(This article is part of the World Economic Forum Annual Meeting 2017)
To open up or to close? To advance or go back? The global economy is currently at the crossroads and it is in desperate need of sufficient courage, wisdom and responsibility from around the world to chart a clear direction and path for sustainable economic growth. The upcoming World Economic Forum Annual Meeting 2017 has drawn extensive attention for putting the focus on responsive and responsible for effective global economic governance.
President Xi Jinping will attend the meeting and deliver a speech, offering Chinese remedies for the world’s economic ailments. It will be the first time the top Chinese leader has attended the event.
The Chinese economy is undergoing unprecedented and profound changes. The “innovative, coordinated, green, open and shared” development concepts put forward by President Xi not only offer solutions for China’s current outstanding economic problems, they also point out a clear direction for its long-term development. Supply-side structural reform has sparked a new development dynamic and raised the quality and effects of the country’s economic development. The strengthened efforts to promote deepened overall reforms, the simplifying of administrative procedures and the delegating of central government power to lower levels of government, along with innovation-driven development, the rule of law, and the fight against corruption, are all contributing to the establishing of a governance system that can ensure China’s sustainable and healthy economic development.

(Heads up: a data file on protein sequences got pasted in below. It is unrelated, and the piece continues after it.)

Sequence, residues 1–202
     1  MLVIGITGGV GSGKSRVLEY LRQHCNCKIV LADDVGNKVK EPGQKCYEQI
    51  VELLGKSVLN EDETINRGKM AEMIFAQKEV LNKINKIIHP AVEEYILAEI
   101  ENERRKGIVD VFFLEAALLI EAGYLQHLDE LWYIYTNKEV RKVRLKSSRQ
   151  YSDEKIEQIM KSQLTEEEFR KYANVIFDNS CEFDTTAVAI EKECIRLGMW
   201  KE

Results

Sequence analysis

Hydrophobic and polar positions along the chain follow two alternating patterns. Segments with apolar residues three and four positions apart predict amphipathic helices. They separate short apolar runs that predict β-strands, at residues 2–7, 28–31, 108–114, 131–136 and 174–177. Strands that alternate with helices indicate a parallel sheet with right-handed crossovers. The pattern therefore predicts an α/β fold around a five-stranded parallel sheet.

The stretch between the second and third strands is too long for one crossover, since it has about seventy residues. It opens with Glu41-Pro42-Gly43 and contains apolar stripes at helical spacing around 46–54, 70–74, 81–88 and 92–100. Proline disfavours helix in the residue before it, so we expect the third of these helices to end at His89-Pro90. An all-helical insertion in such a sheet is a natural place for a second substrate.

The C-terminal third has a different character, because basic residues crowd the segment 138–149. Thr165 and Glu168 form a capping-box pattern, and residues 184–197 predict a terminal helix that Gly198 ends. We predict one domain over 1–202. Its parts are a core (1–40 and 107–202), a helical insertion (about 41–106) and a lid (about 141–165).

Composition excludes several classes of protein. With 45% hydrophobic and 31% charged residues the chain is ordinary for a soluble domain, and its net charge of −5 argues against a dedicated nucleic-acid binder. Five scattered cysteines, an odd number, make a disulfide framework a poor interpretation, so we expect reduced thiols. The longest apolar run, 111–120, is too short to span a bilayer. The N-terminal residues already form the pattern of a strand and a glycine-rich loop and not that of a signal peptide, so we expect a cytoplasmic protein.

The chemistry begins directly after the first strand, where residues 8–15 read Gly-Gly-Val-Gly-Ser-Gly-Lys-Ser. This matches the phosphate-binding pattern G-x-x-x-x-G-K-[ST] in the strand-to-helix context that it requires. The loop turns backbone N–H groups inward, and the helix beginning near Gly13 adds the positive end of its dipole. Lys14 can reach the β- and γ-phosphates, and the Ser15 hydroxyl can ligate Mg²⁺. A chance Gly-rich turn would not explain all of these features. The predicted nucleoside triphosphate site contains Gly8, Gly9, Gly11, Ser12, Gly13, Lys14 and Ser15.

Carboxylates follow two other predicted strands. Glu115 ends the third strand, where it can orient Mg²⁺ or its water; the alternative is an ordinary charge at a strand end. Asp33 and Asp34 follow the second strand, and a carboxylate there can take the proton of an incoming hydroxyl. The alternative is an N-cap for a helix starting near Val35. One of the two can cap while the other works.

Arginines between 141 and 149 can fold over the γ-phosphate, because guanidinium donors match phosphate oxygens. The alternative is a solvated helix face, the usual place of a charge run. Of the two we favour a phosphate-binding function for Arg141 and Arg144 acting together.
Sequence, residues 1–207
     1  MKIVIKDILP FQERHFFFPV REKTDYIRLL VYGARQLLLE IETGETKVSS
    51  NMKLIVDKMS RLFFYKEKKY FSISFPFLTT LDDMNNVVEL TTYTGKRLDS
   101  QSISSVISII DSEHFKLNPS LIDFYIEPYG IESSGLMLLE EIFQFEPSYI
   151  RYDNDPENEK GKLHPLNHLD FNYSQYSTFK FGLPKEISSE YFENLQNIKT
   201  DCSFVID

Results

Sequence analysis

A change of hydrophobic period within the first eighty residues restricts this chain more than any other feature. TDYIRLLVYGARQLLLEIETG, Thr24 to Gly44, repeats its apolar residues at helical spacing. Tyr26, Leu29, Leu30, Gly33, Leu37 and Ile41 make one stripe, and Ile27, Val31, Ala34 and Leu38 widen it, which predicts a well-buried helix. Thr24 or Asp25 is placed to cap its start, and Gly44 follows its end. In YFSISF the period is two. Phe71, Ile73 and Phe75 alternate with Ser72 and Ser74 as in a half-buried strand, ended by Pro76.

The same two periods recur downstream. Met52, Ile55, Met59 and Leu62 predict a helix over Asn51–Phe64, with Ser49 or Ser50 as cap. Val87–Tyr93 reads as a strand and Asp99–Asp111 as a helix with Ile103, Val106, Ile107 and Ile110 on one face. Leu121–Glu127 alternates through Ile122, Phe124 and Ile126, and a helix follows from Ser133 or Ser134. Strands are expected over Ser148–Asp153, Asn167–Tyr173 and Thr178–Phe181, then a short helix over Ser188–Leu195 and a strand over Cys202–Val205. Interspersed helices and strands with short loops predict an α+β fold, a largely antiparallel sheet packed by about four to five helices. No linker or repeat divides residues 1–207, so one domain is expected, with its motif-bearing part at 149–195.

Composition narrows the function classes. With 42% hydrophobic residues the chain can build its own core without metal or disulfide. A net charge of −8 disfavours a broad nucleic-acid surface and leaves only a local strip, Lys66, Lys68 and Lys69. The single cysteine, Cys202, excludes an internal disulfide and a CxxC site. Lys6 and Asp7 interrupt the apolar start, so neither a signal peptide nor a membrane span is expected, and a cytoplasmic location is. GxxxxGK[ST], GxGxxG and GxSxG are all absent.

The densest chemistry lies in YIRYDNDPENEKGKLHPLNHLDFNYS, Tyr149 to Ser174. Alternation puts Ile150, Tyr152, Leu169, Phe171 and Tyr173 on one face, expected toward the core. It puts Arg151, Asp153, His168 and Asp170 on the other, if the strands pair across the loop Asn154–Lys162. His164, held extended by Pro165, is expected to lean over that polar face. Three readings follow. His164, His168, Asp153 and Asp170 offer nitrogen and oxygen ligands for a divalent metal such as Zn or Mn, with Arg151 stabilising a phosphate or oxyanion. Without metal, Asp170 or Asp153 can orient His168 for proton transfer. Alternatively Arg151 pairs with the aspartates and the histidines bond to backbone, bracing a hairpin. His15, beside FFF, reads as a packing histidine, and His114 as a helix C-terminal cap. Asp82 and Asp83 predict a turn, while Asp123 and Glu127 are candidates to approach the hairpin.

The Chinese word for “economy” means “for society to prosper and benefit the people”, an aim of governance advocated by Chinese sages in ancient times. It is also an important governance concept cherished by the Communist Party of China. In the first three quarters of 2016, China’s economy grew by 6.7 percent year-on-year, and its per capita disposable income registered a growth of 6.3 percent. In the first 11 months of the year, China created 12.49 million new jobs in cities and townships and lifted more than 10 million people out of poverty, further raising Chinese people’s sense of well-being and happiness. Against the backdrop of the global economic slowdown, it has really not been easy for China to make these achievements.
And, in recent times, remarkable progress has also been made in China’s infrastructure, such as the railway extension to the Qinghai-Tibet Plateau, the building of a comprehensive highway network throughout the country, the construction of the Three Gorges Dam and multiple ports that better connect the country with the ocean. A set of complete industrial sectors have been established and China has realized a bumper agricultural harvest for many years in succession. At the same time, China has achieved new breakthroughs in its aerospace development and further built up its national defense capabilities.